Where is compare the pension? One of the UK’s most vociferous pensions commentators, Henry Tapper, gives his views on why he believes there’s enough information that can be compiled to create a ‘MoneySupermarket’ for pensions. We look at his key reasons why this could be a reality.

As a well-seasoned and engaging commentator, the views of Henry Tapper in relation to a price comparison site for the pensions market are well worth mulling over. On his Pensions PlayPen blog, Tapper noted that MoneySupermarket.com has a vast amount of detail about a great proportion of the UK public.

While outlining the full detail of every pensions option might be difficult, he says that “disclosure should be about helping people to make complex decisions easily.”

He believes there is “no reason” why generally available data could not be compiled and compared to help people make pension decisions.

The example he cites is for fund management. As he states, the cost and ‘slippage’ on each fund is known; we know the performance of each fund and the risk taken by the fund manager (risk-adjusted performance can be measured); and the cost to be in the fund.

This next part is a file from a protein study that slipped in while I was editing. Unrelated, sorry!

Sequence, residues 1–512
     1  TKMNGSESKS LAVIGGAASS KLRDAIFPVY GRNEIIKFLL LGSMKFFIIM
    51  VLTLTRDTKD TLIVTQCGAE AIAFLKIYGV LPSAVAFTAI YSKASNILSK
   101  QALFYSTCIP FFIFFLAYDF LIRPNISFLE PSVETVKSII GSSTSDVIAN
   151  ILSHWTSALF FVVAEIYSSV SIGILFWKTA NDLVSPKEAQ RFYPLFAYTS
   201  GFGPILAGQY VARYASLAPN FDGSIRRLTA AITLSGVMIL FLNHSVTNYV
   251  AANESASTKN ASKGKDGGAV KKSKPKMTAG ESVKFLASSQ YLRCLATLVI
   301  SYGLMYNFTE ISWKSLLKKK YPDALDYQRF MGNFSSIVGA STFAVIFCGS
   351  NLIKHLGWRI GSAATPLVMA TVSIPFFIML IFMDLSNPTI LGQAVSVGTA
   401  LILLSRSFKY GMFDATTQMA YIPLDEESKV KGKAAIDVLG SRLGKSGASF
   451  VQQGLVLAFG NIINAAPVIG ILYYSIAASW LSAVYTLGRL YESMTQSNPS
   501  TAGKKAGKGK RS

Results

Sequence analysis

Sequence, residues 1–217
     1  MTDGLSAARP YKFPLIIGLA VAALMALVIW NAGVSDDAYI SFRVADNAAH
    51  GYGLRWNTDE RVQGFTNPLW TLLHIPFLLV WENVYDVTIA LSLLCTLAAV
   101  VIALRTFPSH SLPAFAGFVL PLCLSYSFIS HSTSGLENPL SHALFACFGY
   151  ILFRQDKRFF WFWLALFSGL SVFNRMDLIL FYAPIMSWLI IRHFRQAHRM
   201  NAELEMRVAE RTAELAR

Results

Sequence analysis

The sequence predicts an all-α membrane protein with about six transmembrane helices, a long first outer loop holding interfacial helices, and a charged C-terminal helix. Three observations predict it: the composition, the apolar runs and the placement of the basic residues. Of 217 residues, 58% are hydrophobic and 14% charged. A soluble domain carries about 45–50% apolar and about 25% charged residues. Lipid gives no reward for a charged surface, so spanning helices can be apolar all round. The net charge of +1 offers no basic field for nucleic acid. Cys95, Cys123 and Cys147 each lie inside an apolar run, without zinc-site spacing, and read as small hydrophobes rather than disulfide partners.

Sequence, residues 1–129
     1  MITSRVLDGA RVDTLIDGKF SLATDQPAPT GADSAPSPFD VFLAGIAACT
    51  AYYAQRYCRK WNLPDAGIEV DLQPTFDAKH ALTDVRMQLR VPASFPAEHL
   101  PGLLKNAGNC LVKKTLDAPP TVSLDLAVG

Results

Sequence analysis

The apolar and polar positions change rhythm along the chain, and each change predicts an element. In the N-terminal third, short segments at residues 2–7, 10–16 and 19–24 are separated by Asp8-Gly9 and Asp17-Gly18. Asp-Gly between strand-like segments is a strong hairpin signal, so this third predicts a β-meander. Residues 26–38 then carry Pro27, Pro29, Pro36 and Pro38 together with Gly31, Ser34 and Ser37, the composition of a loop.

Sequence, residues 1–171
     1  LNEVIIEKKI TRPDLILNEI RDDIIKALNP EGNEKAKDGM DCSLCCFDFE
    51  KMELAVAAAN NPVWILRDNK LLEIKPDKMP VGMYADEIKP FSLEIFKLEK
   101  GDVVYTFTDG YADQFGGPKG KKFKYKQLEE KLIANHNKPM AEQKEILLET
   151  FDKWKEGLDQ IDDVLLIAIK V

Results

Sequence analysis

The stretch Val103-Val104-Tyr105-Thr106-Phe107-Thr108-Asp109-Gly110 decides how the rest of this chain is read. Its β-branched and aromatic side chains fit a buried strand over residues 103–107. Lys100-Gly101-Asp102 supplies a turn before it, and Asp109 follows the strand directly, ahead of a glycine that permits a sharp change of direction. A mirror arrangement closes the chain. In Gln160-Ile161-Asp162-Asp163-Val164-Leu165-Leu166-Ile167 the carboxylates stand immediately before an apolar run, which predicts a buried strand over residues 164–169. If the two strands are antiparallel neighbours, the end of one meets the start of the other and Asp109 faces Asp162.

In other words, collating the cost of being in the fund, adjusted by risk creates a value-for-money score.

For Tapper, the complexity of pensions and different options open mean many people don’t bother trying to manage their financial situation.

“Because pensions are so complex, so diverse, so scattered and (by at large) abandoned by the people who set them up, the general public have no information with which to take decisions,” says Tapper.

“Consequently, people do nothing – they do not even try to manage their own money.”

While not doubting the difficulties involved, he says that various regulatory and market-defining changes have occurred which could give a marketplace momentum. Namely the Retail Distribution Review; auto-enrolment; the FCA’s review of financial advice; and pensions freedom.

“Perhaps I’m a dreamer,” states Tapper.

“But I dream of those 25 million people signing up to a pension comparison service that delivers them without cost and obligation – with a series of value for money scores on their various pension pots that enables them to take decisions.”

Kevin Reed is one of the UK’s most senior accounting and finance journalists. He is a former editor of Accountancy Age and Financial Director, and writes regularly on corporate and professional services governance.

Further reading on this topic:

The positives of pensions freedom